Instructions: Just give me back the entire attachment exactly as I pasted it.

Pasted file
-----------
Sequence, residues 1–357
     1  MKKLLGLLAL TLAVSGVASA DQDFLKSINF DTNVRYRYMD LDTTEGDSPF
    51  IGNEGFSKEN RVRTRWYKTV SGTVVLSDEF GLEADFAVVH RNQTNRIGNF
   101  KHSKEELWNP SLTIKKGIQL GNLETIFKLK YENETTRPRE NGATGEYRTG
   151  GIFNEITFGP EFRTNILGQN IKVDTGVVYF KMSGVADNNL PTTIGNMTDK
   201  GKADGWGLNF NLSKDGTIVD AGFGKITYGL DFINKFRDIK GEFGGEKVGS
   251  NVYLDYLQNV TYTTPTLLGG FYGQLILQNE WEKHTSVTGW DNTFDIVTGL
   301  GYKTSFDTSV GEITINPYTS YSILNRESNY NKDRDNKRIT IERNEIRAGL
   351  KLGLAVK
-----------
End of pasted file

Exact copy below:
Sequence, residues 1–357
     1  MKKLLGLLAL TLAVSGVASA DQDFLKSINF DTNVRYRYMD LDTTEGDSPF
    51  IGNEGFSKEN RVRTRWYKTV SGTVVLSDEF GLEADFAVVH RNQTNRIGNF
   101  KHSKEELWNP SLTIKKGIQL GNLETIFKLK YENETTRPRE NGATGEYRTG
   151  GIFNEITFGP EFRTNILGQN IKVDTGVVYF KMSGVADNNL PTTIGNMTDK
   201  GKADGWGLNF NLSKDGTIVD AGFGKITYGL DFINKFRDIK GEFGGEKVGS
   251  NVYLDYLQNV TYTTPTLLGG FYGQLILQNE WEKHTSVTGW DNTFDIVTGL
   301  GYKTSFDTSV GEITINPYTS YSILNRESNY NKDRDNKRIT IERNEIRAGL
   351  KLGLAVK